Crops that have been bred or fertilized and can be produced by genetic modifications to increase the rate of production are known as high yield crops. With the growing population, it has become important to produce high-yielding crops.
This article talks about high-yield crops which is an important topic for IAS Exam and its three stages – Prelims, Mains & Interview. The topic is also included in UPSC Mains GS-III.
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Development of High Yield Crops in India
The Industrial Revolution dramatically changed agriculture in India and produced significant changes. People involved in agricultural production left the farms to work in city factories. As such, fewer people were required for the production of more agricultural crops to gain an increasing number of consumers.
Production of high- yielding crops and improved variety of seeds was encouraged by the Central and the State Government. Indian Council of Agricultural Research, Punjab Agricultural University (Ludhiana), and G.B. Pant Agricultural University (Pantnagar) were also involved in developing and importing new hybrid varieties as per Indian conditions and requirements.
To produce higher yields of crops, numerous agricultural practices are required. One of the important criteria includes the selection and breeding of genetically superior cultivars.
The advances in the field of genetics have led to the possibility to breed some of the desirable characteristics into plants. These desirable characteristics have resulted from mutation and can be transferred from one plant to any other plant using recombinant DNA technology.
To know more about the DNA Technology bill, visit the linked article
High Yield Crops- Advantages
There are several advantages of high yield crops due to their certain characteristics. Some of the advantages are mentioned below:
- Higher and improved yield of crops
- Most of the high yield crops are dwarf and hence, their plants are stronger and can withstand strong winds.
- The high yield crops give better response to fertilizers and thus, their production rate increases substantially.
- Early maturation.
Disadvantages of high yield crops
Although these crops are known for their high yielding property, the high yield crops also have some disadvantages:
- The high yield crops require more water and fertilizers as compared to the normal varieties of crops.
- They require frequent weeding.
- Continuous use of pesticides.
- The high yield crops, when compared with the traditional varieties are generally more susceptible to diseases.
What are High Yielding Variety Seeds?
High Yielding Variety Seeds (HYV seeds) are resistant to insects and diseases and have a high yielding capacity. These seeds are of better quality and are a better option for surplus and healthy production of crops. The high yielding variety of seeds played an important role in the Green Revolution of India.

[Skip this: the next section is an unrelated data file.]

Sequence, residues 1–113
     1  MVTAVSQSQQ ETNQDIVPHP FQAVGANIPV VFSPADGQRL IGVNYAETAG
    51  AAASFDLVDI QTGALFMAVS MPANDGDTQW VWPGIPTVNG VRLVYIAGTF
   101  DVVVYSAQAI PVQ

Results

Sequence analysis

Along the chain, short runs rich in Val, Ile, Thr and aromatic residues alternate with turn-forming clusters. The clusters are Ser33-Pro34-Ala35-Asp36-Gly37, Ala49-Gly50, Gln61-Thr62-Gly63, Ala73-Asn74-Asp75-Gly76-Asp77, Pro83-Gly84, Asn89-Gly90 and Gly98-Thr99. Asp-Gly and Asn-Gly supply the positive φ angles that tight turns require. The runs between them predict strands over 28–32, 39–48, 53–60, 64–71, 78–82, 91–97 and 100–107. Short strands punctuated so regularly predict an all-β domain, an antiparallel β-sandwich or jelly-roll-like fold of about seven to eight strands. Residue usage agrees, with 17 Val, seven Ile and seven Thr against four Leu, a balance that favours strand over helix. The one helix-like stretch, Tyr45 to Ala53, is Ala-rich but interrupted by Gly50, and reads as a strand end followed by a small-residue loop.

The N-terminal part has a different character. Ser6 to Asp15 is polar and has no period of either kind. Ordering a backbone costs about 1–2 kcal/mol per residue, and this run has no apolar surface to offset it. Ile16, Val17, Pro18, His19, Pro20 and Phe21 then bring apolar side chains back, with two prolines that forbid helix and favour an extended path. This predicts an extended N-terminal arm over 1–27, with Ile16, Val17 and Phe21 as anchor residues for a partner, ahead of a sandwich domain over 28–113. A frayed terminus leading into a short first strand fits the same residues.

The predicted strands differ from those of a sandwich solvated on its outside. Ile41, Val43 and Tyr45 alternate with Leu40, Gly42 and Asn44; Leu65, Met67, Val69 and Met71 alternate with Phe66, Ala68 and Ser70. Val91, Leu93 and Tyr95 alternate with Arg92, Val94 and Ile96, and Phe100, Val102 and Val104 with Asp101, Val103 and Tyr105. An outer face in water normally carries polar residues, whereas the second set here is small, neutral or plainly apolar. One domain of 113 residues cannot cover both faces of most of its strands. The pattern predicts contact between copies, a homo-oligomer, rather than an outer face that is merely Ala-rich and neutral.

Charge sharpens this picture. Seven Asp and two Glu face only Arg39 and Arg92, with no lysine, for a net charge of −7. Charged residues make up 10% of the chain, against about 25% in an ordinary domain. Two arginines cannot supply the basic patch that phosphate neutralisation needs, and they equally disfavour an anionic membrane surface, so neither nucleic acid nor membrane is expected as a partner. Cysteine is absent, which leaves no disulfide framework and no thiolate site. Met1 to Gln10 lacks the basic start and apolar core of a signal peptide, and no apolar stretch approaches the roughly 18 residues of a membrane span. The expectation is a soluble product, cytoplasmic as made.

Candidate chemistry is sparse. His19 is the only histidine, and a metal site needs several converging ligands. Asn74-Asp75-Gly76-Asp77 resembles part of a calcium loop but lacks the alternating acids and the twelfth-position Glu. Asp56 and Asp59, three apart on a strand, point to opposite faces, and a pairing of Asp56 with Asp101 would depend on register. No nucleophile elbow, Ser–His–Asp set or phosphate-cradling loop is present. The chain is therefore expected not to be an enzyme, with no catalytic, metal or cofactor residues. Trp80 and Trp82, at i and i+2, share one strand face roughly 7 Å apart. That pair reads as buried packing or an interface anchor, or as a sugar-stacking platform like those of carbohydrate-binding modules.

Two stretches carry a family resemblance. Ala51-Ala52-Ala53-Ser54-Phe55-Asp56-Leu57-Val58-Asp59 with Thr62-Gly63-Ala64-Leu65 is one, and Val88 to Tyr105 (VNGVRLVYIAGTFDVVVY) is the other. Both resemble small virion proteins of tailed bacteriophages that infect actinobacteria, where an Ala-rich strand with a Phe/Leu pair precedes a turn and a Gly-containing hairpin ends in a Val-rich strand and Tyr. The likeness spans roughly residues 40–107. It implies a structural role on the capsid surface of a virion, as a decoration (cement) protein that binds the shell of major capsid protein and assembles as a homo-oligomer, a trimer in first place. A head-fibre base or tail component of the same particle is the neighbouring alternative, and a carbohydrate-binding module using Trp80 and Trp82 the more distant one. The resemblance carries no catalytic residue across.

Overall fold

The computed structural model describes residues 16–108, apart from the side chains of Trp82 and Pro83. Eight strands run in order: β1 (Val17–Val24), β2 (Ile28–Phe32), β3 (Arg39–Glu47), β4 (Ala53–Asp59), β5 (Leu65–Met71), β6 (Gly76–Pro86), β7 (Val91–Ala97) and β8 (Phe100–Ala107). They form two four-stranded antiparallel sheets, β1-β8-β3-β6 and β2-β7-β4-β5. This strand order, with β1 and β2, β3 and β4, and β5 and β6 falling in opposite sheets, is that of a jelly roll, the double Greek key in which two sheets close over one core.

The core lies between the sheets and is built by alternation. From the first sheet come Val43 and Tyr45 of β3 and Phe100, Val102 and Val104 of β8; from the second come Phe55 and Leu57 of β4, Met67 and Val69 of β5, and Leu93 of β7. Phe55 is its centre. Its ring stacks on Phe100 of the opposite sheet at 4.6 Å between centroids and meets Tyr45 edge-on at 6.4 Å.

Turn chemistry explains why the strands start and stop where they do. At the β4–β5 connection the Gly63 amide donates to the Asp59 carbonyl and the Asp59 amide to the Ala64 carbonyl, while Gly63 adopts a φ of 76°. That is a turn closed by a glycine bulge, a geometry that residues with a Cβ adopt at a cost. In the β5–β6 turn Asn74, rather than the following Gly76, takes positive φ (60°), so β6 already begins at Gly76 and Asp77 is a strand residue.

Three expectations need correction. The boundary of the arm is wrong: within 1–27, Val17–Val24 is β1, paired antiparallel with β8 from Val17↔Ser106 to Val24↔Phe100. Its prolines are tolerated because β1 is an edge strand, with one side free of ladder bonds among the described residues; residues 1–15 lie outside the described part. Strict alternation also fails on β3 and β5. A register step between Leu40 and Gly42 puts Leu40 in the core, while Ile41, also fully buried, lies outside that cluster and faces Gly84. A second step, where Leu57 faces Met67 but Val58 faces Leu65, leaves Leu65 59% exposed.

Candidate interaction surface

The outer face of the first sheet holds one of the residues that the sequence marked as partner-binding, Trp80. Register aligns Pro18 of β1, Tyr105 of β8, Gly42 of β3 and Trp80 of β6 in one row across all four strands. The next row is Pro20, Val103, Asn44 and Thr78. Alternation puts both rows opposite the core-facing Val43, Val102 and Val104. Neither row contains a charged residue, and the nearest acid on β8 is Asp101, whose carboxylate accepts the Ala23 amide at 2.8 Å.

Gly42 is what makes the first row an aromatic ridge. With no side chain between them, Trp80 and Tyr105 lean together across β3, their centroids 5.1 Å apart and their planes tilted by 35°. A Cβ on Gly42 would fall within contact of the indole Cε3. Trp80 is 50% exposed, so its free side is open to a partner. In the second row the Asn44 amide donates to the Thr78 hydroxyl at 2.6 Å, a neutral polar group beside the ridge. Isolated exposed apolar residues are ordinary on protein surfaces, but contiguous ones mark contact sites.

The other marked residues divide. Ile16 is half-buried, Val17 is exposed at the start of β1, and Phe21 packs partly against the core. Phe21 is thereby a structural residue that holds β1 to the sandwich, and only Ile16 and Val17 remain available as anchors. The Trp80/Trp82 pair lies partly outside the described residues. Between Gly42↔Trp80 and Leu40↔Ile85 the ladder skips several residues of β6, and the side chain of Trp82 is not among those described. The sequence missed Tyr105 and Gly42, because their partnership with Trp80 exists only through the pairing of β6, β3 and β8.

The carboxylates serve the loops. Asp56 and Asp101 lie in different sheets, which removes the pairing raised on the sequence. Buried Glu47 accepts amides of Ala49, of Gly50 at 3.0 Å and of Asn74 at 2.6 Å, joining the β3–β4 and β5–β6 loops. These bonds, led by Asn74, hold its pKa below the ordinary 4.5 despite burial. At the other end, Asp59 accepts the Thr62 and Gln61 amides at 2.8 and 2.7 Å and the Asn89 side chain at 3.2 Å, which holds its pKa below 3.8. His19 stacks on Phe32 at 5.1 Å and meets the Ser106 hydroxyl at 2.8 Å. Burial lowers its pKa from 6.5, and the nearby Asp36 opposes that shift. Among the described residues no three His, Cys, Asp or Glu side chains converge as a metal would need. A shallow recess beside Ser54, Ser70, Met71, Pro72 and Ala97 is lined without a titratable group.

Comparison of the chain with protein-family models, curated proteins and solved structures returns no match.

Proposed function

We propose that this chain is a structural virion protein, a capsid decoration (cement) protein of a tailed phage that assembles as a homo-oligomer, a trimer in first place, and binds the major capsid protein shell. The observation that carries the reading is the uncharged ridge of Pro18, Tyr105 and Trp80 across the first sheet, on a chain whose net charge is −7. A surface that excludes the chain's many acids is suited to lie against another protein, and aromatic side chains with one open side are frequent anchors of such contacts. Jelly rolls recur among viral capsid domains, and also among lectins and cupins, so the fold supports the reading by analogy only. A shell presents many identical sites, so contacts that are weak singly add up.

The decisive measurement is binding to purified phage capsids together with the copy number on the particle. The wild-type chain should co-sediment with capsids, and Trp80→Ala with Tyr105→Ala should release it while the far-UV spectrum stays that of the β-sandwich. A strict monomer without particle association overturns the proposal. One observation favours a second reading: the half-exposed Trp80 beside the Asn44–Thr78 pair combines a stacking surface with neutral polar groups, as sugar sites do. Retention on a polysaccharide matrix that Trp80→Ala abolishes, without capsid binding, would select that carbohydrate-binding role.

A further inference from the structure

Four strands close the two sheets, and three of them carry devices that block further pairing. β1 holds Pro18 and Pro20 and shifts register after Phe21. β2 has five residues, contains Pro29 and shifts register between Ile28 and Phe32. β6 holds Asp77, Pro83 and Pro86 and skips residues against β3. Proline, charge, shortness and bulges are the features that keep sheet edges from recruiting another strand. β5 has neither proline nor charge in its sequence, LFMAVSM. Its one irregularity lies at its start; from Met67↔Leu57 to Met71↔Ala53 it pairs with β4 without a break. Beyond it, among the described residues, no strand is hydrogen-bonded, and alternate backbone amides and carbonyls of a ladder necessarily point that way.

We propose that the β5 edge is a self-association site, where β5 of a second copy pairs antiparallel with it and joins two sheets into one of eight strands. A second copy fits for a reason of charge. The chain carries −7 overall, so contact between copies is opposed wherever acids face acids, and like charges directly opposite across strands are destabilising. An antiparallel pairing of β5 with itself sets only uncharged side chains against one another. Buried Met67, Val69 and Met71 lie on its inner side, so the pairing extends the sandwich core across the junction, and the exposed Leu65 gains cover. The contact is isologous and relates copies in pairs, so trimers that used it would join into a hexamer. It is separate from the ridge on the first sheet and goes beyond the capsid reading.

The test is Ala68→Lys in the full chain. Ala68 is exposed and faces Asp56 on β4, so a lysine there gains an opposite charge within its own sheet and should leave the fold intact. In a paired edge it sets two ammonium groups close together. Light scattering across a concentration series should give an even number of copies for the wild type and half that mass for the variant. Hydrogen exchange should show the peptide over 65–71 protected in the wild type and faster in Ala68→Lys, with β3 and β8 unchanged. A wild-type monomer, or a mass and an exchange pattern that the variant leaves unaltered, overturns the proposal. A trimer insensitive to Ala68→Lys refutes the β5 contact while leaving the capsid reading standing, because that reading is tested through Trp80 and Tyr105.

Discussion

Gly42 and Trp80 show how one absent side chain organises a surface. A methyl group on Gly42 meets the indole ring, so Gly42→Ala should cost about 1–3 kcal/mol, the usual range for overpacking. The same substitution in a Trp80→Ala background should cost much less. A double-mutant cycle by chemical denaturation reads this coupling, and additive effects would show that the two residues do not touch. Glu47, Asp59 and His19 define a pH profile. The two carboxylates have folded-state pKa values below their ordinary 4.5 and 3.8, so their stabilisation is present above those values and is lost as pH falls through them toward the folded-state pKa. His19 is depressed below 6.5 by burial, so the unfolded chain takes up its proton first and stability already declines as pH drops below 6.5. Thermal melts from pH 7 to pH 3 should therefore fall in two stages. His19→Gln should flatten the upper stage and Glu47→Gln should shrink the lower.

The high yielding seeds are generally flood and drought resistant and give better quality yielding.
In the Kharif season of 1966, the high yielding programme was launched in selected areas having assured rainfall.
Developments related to HYV Seeds
Scientists at the Indian Agricultural Research Institute (IARI) have developed a new arhar (pigeon-pea) variety that matures in 120 days, gives the same 20 quintal-per-hectare yields of normal 160-180 day plants, and is, moreover, amenable to mechanical combine harvesting.
Normal Arhar Plant
- Arhar plants are mostly ‘indeterminate’; they keep growing and, left to themselves, can even become perennial trees.
- In Bihar and eastern Uttar Pradesh, farmers plant the crop in June-July and harvest it after 250-280 days in March-April.
- In other parts, especially Maharashtra, Karnataka, and Madhya Pradesh, the varieties are grown are of medium duration (160-180 days) and also yield 20 quintals per hectare.
- The flowers produced from the axillary and lateral branches do not set pods at the same time. So, even at the time of harvesting, not all the pods are mature.
About new plant type
- In the new plant-type — called PADT-16 (Pusa Arhar Determinate) and bred by a team led by Prabhu and R S Raje, principal scientist at IARI’s division of genetics — the flowering and pod-setting is synchronous, with the crop maturing and ready for harvest in 120 days.
- It is a new plant-type, whose apical meristems (tissues at the tip of the main stem) only produce flowers. In this, the growth stops with the production of flowers and setting of pods
- This is a short, compact plant-type that grows to hardly 95 cm height, compared to 175 cm for medium-duration arhar and 300 cm-plus for perennials.
- First, being a dwarf semi-erect plant makes pesticide spraying easier. The normal arhar plants rise to six feet levels, at which application is difficult and also tends to be non-uniform.
- Also, you only need to give one good spray against Maruca insect and pod borer at the bud initiation stage after 65-70 days,
- Secondly, synchronous maturity and podding happening only at the top — because of the compact canopy and no tertiary or quaternary branch growth — means the entire arhar crop can be harvested at one go using combine harvesters.
Once the plant variety protection for the new plant-type is obtained, it will start commercial cultivation by 2018.
High Yield Crops – UPSC Notes:- Download PDF Here
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